• Algol: Also known as Beta Persei, Algol is the best-known star in the constellation. Its variable brightness is readily seen with the naked eye. Algol is not, however, a true variable star. It is an eclipsing binary that ranges in magnitude from 2.3 to 3.5 over a period of 2.9 days. Sometimes Algol is known as the Demon Star. The color of its primary star is blue-white.
  • Zeta Persei: The third-brightest star in Perseus is a blue-white supergiant with a magnitude of 2.86.
  • X Persei: This a binary star system. One of its two members is a neutron star. The other is a bright, hot star.
  • GK Persei: GK Persei is a nova that reached peak brightness in 1901 with a magnitude of 0.2.

Seven of the stars in the constellation are known to have planets.

Deep Sky Objects in Perseus

The California Nebula
The California Nebula, NGC 1499, has a shape similar to that of the state of California. blackphobos / Getty Images

While the galaxy is not very obvious in this region, Perseus does lie in the galactic plane of the Milky Way. The constellation contains interesting deep-sky objects, including several nebulae and the Perseus cluster of galaxies.

Highlights in the Constellation

  • NGC 869 and NGC 884: Together, these two objects form the Double Cluster. The double star cluster is easily observed with the use of a small telescope.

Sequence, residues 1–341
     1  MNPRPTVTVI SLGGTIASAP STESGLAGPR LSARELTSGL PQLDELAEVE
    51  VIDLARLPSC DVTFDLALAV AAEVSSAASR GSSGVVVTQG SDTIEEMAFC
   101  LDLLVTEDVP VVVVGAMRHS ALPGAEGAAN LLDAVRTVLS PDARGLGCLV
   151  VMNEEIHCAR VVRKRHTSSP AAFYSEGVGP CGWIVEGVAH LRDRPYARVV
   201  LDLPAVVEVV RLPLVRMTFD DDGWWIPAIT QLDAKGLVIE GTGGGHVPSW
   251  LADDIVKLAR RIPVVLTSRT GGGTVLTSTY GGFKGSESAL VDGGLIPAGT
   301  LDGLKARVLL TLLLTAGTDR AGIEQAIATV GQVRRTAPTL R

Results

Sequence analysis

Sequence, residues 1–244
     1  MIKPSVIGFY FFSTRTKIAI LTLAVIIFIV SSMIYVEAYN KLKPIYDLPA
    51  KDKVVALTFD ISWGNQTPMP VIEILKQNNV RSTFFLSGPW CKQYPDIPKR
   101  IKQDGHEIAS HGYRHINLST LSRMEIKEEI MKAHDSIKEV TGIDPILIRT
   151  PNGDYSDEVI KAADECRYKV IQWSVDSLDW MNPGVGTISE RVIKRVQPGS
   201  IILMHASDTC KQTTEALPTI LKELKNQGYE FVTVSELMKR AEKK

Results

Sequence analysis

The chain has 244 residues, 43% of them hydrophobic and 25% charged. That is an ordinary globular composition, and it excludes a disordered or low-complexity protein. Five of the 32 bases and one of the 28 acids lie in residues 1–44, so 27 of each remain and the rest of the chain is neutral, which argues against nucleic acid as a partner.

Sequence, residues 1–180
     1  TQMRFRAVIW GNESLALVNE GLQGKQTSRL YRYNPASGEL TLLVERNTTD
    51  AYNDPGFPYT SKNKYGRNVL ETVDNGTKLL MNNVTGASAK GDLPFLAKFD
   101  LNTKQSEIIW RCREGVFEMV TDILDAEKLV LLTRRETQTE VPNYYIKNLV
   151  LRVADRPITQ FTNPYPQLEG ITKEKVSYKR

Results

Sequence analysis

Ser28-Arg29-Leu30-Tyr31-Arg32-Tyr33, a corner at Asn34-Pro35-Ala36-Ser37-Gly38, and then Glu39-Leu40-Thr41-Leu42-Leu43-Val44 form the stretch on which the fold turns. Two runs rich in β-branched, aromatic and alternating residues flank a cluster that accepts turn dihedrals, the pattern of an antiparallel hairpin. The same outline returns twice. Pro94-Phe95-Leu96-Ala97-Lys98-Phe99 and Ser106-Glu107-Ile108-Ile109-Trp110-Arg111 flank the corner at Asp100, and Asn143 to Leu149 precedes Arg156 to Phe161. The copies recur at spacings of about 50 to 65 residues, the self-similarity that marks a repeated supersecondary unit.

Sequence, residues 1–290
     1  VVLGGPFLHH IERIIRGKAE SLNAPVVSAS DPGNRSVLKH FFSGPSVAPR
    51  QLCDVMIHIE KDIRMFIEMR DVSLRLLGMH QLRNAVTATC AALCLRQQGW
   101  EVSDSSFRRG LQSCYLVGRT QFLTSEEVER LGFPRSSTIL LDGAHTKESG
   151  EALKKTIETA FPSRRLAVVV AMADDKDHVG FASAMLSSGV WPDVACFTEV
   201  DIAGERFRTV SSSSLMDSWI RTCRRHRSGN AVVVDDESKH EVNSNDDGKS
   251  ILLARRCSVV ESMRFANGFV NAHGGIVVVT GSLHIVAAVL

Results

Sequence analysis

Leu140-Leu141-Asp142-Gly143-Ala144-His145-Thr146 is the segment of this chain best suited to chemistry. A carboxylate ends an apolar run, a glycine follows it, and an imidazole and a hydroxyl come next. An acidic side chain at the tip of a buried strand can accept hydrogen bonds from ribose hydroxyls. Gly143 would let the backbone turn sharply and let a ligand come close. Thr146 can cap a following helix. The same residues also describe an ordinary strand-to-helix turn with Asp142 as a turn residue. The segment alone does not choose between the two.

• M34: M34 is an open cluster that may be seen (barely) with the naked eye and is easily resolved with a small telescope.
  • Abell 426: Abell 426 or the Perseus cluster is a massive group of thousands of galaxies.
  • NGC 1023: This is a barred spiral galaxy.
  • NGC 1260: This is either a tight spiral galaxy or a lenticular galaxy.
  • Little Dumbbell Nebula (M76): This nebula looks like a dumbbell.
  • California Nebula (NGC 1499): This is an emission nebula that's hard to observe visually, but takes on the shape of the eponymous state when viewed through a telescope.
  • NGC 1333: This is a reflection nebula.
  • Perseus molecular cloud: This giant molecular cloud blocks a lot of the light of the Milky Way, making it appear dim in this region of space.

The Perseid Meteor Shower

Perseid meteor shower over the United Kingdom
Christopher Furlong / Getty Images

The Perseid meteor shower appears to radiate from the constellation of Perseus. Meteors may be observed starting in mid-July and peaking in mid-August. The meteors are debris of the comet Swift-Tuttle. At its peak, the shower produces 60 or more meteors per hour. The Perseid shower sometimes produces brilliant fireballs.

Perseus Constellation Fast Facts

Constellations of Perseus, Andromeda nad Pegasus above the Columbia Icefields

Alan Dyer / Stocktrek Images / Getty Images

  • Perseus is a constellation in the northern sky.
  • The constellation is named for the Greek mythological hero and demigod Perseus, known for slaying the Gorgon Medusa.
  • The constellation is fairly faint and difficult to see in light-polluted areas. Its two brightest stars are Mirfak and Algol.
  • The Perseid meteor shower radiates from the constellation in July and August.

Sources

  • Allen, R. H. "Star Names: Their Lore and Meaning" (p. 330). Dover. 1963
  • Graßhoff, G. "The History of Ptolemy’s Star Catalogue" (p. 36). Springer. 2005
  • Russell, H. N. "The New International Symbols for the Constellations". Popular Astronomy: 30 (pp. 469–71). 1922